Our Deepest Desires and Our Greatest Fears: One and the Same?

In an incredible coincidence, my roommate asked me to read through Christina Rosetti’s “Goblin Market” with her (in essence, help her analyze it), right after I finished reading John Addington Symonds’ “Love in Dreams.” Immediately I was struck by the similar themes the two shared.

Laura “dreamed of melons, as a traveller sees/False waves in a desert drouth/With shade of leaf-crowned trees,/And burns the thirstier in the sandful breeze” (Rosetti, 8). In a similar fashion, the narrator of Symonds’ poem dreams “A dream so dear, so deep,/All dreams above,/That I still pray to sleep” (lines 13-15).

Both characters dream of temptation, what is forbidden: Laura, the goblins’ fairy fruit; Symonds’ narrator, “the soul of youth” (12) – a young man for him to love. Both poems describe the characters only able to access their desires in their dreams: Laura is rendered unable to hear the goblins and thus unable to attain their fruit in her waking hours; Symonds’ narrator is repressing his desire for young men in his waking hours due to societal pressure and intolerance of homosexuality.

Both poems have a couplet rhyme scheme, creating a soothing, nursery-rhyme-like rhythm. “Goblin Market” is intended as a nursery rhyme, according to Rosetti, and “Love in Dreams” seems to be soothing the reader to sleep as the narrator does.

The rhyme scheme of couplets and the theme of temptation that intersect in these poems interact elsewhere as well: medieval-era plays. The couplet rhyme scheme is attributed to devils within these plays, used as they speak to tempt and torment humanity on stage. Indeed, in Ben Jonson’s The Devil is an Ass, the modern devil mocks Iniquity, the medieval demon, for outdated ideas of vice fit for the year 500 (that is, the medieval age) rather than the current year 1616 (I.i.84-86). The 1616 audience would have recognized Iniquity’s medieval speech patterns from other popular medieval plays, such as Mankind. Both poems definitely include major temptations to the characters: goblins tempting Laura in “Goblin Market” and Love tempting the narrator in Symonds’ “Love in Dreams.”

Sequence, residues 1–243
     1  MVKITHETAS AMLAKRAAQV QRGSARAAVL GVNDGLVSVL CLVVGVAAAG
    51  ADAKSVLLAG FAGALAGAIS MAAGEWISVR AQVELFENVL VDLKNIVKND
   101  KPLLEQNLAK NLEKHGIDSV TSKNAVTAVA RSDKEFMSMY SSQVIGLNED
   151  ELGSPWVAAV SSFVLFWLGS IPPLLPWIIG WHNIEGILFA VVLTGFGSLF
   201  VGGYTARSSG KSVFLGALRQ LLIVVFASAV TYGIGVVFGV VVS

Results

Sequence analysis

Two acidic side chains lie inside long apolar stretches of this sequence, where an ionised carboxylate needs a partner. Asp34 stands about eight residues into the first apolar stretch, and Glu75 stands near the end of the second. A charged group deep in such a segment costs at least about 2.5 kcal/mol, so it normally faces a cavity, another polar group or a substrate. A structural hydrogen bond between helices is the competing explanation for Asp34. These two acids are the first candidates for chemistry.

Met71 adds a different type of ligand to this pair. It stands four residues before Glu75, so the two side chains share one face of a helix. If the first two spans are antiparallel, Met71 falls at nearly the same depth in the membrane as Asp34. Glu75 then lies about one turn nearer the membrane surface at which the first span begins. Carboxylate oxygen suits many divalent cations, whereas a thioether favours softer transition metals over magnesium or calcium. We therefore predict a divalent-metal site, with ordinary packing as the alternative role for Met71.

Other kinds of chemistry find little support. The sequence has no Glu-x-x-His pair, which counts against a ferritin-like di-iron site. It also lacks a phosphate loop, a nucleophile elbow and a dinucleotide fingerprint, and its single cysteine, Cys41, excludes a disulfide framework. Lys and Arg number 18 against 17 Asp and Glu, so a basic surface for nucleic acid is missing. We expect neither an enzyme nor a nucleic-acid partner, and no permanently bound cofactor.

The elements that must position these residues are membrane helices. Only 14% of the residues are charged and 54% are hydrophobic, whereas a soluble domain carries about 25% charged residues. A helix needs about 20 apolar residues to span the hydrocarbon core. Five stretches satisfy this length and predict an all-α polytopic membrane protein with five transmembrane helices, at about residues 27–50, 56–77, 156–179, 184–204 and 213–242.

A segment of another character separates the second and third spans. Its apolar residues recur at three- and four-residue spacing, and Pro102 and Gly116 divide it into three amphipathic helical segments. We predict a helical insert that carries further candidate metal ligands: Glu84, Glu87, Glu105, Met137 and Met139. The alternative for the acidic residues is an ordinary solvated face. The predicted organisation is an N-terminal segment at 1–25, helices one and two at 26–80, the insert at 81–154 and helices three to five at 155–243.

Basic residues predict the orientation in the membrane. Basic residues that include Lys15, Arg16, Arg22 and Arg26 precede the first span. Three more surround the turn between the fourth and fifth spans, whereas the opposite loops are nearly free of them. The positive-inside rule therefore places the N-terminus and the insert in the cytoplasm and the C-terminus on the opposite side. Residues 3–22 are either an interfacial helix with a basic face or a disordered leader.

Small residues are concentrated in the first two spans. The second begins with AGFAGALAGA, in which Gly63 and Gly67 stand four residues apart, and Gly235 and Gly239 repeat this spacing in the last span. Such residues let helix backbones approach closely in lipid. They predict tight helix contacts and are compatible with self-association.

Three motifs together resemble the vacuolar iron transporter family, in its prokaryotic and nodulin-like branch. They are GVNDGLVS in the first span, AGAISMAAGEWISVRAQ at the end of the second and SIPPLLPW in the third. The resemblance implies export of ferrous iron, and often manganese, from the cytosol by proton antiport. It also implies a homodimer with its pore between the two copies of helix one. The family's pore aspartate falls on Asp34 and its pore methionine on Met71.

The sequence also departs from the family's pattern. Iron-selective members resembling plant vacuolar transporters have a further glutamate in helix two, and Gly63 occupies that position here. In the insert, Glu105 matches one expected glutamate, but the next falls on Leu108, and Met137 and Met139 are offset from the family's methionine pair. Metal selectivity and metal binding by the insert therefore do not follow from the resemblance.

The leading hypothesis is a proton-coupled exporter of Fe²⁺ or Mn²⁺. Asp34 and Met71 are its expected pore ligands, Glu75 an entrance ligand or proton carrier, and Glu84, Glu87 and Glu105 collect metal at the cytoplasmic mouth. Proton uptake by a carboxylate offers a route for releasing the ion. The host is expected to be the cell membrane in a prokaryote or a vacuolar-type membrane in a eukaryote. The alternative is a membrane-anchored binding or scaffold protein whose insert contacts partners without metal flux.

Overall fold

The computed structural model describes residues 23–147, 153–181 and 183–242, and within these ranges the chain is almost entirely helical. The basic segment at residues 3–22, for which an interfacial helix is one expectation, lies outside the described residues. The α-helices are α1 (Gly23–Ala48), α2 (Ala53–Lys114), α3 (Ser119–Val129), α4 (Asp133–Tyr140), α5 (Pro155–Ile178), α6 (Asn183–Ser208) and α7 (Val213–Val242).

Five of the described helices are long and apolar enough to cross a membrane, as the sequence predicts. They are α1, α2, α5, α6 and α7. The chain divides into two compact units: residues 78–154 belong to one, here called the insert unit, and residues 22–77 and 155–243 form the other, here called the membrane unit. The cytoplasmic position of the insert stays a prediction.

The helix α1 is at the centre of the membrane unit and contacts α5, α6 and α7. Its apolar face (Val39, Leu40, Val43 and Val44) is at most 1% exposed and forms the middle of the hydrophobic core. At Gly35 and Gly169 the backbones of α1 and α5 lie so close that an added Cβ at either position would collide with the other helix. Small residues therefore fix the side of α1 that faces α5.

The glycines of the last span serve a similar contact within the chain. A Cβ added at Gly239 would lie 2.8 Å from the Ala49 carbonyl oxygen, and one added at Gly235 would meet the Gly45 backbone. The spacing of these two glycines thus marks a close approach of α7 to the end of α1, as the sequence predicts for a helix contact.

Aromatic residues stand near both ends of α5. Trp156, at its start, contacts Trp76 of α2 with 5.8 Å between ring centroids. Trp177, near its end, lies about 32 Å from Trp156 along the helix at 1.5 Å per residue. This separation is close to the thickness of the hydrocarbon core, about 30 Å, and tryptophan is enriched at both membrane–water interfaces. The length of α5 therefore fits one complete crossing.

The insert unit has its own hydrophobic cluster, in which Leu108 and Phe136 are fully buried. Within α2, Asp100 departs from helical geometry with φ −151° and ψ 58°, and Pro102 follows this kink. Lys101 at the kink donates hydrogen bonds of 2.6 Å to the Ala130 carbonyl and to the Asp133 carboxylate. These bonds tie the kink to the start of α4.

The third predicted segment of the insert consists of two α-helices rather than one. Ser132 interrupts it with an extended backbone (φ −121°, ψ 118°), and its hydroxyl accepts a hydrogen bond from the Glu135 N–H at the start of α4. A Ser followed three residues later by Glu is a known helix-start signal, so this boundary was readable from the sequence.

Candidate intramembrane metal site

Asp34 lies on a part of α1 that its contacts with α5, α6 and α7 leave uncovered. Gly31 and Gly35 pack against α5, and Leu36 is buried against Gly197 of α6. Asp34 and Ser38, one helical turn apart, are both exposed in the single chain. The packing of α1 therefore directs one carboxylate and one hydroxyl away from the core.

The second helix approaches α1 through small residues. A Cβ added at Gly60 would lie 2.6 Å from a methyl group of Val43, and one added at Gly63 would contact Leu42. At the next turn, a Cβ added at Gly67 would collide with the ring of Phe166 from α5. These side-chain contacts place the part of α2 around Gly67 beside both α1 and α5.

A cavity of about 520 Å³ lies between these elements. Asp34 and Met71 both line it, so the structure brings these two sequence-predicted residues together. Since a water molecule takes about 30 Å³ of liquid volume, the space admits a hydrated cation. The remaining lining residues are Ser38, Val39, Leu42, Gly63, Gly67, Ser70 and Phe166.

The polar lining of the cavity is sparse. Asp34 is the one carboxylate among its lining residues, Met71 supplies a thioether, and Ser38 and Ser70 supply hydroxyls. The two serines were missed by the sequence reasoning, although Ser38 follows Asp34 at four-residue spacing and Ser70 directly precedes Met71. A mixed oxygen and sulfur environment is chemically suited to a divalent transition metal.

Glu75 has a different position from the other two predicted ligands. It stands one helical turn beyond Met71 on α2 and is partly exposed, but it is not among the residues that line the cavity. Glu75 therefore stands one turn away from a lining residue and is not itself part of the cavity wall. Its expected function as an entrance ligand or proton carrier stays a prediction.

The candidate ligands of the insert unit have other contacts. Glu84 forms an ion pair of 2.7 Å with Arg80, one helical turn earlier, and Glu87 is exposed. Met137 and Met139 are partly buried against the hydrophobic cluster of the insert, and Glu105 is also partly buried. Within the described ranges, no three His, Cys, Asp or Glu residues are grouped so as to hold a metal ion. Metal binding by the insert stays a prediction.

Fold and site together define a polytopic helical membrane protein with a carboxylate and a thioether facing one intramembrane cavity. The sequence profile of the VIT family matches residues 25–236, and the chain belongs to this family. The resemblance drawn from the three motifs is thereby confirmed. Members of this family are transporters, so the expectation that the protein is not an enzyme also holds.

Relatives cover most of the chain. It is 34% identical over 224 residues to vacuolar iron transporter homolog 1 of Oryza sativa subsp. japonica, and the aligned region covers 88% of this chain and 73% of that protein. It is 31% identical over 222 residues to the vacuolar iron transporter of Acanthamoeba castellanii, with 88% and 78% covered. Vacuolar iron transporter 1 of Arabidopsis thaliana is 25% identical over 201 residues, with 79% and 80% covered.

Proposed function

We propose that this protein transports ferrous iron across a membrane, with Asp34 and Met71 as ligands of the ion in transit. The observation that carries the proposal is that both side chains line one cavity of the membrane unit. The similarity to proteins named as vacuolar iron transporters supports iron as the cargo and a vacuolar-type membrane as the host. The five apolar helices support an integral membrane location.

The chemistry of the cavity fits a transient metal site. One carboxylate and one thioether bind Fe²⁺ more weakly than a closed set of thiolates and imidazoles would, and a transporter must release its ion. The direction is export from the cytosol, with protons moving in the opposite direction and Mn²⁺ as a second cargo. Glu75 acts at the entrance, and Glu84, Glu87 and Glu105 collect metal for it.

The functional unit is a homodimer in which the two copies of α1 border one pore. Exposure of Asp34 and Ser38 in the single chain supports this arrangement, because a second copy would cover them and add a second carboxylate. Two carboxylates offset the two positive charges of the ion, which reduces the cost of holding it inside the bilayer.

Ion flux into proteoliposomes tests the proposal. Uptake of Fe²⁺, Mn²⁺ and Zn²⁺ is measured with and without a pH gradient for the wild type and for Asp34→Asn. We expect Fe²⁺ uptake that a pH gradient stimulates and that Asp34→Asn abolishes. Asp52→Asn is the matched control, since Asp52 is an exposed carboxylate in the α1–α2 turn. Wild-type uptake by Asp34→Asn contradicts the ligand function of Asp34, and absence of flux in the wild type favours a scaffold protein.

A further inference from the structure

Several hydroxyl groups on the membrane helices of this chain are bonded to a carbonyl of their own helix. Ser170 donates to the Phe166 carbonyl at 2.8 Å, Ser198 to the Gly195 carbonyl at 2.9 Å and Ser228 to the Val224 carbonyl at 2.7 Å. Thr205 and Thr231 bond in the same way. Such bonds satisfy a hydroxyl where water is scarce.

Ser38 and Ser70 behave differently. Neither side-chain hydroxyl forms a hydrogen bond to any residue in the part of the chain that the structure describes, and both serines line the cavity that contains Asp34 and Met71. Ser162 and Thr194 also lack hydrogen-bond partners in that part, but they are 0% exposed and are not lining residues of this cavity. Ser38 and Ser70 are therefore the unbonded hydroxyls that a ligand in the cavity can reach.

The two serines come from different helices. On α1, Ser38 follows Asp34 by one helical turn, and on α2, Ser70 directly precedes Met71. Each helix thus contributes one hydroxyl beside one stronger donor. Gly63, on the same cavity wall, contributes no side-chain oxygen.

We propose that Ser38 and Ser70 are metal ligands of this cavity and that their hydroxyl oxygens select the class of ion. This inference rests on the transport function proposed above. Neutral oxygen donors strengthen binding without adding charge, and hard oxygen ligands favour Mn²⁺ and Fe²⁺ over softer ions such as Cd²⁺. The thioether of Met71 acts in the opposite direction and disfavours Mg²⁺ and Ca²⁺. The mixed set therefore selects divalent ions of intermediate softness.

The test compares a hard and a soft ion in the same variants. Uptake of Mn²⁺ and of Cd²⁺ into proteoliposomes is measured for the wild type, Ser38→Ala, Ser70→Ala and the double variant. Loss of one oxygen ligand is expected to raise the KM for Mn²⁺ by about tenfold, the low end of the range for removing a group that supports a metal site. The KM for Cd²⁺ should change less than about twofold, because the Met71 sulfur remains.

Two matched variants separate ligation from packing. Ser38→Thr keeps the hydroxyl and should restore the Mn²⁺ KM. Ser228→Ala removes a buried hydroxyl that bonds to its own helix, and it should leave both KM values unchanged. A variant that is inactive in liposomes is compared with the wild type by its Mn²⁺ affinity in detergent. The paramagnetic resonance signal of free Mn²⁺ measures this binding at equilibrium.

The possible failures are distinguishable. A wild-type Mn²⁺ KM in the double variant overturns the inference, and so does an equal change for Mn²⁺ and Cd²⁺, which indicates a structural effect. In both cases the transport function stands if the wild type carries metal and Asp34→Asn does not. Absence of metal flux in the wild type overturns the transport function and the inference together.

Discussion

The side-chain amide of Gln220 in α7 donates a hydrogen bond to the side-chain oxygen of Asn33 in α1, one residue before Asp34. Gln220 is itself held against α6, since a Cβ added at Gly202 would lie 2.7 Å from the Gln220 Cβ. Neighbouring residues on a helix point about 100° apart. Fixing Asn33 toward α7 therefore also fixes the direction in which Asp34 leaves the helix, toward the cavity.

The idea of temptation in dreams is also attributed to Lucifer in the medieval York Plays, tying the two themes together as the two poems do. The idea of humanity as vulnerable while unconscious is embedded deep in our DNA, primal instincts that shape our fears.

Freud would argue that our dreams contain not only fears but also desires – desires so secret and deep that we dare not face them during the day, only accessing them when they slip from the subconscious mind into our dreams. In both Christina Rosetti’s “Goblin Market” and John Addington Symonds’ “Love in Dreams,” both characters Laura and the narrator face deep desires as the subject of both of their dreams. But the real question is whether or not we should we fear these deepest desires appearing in our dreams, and the power they hold over us.

Rosetti, Christina. Goblin Market and Other Poems. Dover Thrift Editions. New York: Dover Publications, 1994. Print.

Ben Jonson. “The Devil is an Ass.” London, 1616. Web. http://www.hollowaypages.com/jonson1692devil.htm